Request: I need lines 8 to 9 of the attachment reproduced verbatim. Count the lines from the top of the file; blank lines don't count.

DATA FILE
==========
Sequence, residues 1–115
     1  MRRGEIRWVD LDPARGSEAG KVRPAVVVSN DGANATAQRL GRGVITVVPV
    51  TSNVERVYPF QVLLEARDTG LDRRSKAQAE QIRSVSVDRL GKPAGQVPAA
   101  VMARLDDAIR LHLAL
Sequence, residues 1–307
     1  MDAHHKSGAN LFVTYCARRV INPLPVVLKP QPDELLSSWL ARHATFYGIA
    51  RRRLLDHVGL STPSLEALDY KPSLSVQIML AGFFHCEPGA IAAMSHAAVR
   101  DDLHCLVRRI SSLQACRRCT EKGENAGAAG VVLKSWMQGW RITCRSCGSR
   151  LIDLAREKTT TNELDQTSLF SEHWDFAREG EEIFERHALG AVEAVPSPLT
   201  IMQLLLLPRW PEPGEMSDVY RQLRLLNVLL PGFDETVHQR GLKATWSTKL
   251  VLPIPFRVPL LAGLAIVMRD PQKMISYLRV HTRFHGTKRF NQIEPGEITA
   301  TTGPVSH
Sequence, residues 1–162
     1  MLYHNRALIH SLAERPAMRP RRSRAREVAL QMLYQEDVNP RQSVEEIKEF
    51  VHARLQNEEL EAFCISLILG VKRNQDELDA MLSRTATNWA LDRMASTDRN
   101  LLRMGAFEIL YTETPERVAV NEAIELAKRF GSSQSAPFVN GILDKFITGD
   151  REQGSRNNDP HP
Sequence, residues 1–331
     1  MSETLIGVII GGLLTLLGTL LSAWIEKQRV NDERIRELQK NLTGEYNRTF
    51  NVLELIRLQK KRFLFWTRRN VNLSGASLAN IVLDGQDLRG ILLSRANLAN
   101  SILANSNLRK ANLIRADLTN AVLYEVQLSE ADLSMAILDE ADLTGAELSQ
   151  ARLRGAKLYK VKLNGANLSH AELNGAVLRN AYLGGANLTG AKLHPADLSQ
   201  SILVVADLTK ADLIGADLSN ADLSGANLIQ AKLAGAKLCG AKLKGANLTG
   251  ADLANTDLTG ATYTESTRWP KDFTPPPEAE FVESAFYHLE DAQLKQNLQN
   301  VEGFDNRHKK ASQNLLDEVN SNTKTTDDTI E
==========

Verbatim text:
   101  DDLHCLVRRI SSLQACRRCT EKGENAGAAG VVLKSWMQGW RITCRSCGSR
   151  LIDLAREKTT TNELDQTSLF SEHWDFAREG EEIFERHALG AVEAVPSPLT